By Michelle Castillo

Facebook wants to be taken seriously by television advertisers.

The company announced on Tuesday it would allow companies to buy its video ads during the "Upfronts." The term refers to a time in the television industry, usually starting in May, when marketers buy ads on programming for the upcoming TV season.

Previously, Facebook ($FB) only allowed advertisers to buy ads one quarter in advance. The new strategy allows companies to include Facebook in their bigger plans, which should translate to more money. Advertisers spent $69.87 billion on TV advertising in 2018, according to eMarketer. Meanwhile, they only spent $7 billion on digital video ads during the first half of 2018, according to the IAB and PWC.

Facebook's program, called Facebook Showcase, includes programs like In-Stream Reserve that will allow advertisers to buy ads on its top shows. Facebook shows are all reviewed by people rather than artificial intelligence, making it safe for companies to advertise against. About 100 million U.S. viewers watch In-Stream Reserve shows each month, per Facebook. About 43 percent of In-Stream Reserve's viewers are 18 to 34-years old, versus 28 percent for TV, according to the company.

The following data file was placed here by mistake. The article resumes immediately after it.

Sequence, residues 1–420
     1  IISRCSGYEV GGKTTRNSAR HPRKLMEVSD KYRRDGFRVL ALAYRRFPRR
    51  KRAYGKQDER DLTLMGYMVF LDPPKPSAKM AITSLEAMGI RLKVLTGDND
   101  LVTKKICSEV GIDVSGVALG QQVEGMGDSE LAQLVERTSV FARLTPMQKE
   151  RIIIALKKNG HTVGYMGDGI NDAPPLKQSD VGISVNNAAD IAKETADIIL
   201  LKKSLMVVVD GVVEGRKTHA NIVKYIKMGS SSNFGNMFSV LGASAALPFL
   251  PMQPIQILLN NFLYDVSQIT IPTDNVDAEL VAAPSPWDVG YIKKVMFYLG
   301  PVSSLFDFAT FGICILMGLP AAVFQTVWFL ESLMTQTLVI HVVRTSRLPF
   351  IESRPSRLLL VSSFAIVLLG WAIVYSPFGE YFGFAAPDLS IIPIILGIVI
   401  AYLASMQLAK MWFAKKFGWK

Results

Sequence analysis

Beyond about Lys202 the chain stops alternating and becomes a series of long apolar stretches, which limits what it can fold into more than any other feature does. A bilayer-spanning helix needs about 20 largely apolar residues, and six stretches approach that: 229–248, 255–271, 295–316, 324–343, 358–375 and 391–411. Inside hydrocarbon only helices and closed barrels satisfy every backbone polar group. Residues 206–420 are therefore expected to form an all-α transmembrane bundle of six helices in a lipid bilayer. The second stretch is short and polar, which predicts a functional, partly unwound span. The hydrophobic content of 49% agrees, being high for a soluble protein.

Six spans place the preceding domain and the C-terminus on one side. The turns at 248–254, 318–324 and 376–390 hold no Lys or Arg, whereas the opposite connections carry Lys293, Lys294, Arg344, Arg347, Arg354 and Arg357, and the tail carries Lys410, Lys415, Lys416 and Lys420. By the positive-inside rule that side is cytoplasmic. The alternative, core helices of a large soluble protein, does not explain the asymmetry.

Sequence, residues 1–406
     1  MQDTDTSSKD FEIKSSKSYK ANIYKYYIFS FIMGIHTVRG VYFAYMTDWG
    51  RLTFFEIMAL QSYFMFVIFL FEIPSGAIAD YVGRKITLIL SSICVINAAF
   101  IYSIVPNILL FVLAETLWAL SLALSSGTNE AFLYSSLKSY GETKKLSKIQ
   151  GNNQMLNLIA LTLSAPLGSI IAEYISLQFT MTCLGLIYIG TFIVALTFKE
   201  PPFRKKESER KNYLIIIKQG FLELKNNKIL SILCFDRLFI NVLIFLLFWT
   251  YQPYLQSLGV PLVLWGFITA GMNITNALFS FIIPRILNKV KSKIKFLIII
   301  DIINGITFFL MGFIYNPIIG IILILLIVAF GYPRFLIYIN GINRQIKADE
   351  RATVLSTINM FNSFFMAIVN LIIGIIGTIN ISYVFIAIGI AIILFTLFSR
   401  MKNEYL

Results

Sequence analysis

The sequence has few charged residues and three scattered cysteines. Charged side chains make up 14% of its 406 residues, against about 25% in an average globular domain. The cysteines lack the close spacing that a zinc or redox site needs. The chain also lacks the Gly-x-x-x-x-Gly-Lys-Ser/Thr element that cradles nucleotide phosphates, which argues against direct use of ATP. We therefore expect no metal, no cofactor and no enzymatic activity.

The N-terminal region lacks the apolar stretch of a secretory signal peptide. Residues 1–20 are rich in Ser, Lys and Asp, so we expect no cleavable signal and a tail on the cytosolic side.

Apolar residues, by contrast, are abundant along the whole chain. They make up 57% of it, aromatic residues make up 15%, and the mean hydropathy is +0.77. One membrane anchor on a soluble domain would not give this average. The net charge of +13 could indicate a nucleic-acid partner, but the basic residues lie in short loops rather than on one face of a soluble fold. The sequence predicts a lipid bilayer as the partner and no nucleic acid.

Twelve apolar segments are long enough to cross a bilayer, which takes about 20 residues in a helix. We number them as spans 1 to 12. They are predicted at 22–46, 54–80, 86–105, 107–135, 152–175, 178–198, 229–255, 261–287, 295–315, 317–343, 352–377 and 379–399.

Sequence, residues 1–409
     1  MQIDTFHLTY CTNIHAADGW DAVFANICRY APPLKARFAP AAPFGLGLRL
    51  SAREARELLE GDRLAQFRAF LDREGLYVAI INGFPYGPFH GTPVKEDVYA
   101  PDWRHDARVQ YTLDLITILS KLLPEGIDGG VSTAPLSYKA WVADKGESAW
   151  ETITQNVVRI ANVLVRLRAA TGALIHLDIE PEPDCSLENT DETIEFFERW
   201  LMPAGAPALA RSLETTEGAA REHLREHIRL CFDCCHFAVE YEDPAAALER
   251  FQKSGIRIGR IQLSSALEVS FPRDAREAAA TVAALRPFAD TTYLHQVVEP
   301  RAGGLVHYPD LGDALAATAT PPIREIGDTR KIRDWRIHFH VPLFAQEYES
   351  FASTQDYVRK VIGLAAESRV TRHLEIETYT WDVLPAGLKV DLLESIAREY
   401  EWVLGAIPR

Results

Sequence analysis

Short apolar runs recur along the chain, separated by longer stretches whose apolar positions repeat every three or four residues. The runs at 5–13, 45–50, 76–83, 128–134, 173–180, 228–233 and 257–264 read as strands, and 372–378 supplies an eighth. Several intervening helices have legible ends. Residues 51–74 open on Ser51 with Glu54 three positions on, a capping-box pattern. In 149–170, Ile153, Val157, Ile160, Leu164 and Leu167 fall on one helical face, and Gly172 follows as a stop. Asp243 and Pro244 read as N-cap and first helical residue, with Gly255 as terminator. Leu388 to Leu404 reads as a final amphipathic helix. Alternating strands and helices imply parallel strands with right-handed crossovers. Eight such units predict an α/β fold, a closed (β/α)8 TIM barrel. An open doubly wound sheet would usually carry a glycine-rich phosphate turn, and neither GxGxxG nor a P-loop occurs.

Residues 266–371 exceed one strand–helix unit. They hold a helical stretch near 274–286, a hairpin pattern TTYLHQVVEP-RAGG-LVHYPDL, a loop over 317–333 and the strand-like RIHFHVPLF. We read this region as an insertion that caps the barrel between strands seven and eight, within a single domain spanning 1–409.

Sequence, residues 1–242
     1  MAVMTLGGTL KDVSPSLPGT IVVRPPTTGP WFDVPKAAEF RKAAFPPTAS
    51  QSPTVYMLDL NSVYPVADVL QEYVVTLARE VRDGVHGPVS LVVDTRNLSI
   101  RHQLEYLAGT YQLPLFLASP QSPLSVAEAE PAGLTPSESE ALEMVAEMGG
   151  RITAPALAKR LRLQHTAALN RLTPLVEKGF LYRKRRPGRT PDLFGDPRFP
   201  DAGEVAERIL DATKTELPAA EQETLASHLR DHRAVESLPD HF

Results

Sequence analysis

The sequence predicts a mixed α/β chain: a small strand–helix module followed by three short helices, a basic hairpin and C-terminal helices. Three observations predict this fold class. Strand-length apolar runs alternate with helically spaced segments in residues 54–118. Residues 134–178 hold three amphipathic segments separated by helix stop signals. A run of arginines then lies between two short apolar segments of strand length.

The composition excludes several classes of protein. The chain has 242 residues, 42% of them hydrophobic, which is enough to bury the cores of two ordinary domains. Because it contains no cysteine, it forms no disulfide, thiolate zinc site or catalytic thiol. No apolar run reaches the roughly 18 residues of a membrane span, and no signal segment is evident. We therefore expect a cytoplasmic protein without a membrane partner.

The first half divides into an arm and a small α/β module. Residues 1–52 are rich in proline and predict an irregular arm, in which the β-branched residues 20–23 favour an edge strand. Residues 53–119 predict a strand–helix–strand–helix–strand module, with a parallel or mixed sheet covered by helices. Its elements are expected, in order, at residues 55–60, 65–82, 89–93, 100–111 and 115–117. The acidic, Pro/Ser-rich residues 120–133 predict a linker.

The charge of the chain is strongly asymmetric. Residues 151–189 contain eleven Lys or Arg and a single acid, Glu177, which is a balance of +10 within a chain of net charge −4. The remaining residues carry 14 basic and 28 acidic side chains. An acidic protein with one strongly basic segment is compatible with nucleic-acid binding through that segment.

Advertisers can buy ads that correspond to categories like sports, beauty, entertainment, and, as of Tuesday, food and news. The ads are purchased ahead of time at a fixed cost, and have Nielsen-verified audience targets. Facebook did not disclose prices, but said for the first quarter of 2018, CPMs (cost per thousand viewers) were around $23 to $25. Companies can also sponsor shows for U.S. audiences.

In-Stream Reserve is strikingly similar to Google Preferred, a YouTube program that lets brands buy ads on top videos. YouTube allows for advertising on trending and top videos, which lets more people to see the ads. However this could also mean the content isn't always family-friendly or appropriate, which has led marketers to worry about the where their ads are appearing. Recently, YouTube was accused of directing viewers to predatory content featuring young girls.

Universal McCann Chief Investment Officer Jon Stimell told Cheddar said Facebook is "much more brand safe" than YouTube, especially given the recent issues YouTube has faced. Most of Facebook's shows feature known celebrities, in line with what people expect to see on TV. Universal McCann hasn't allocated budgets yet, but is definitely taking Facebook's offerings into consideration, he said.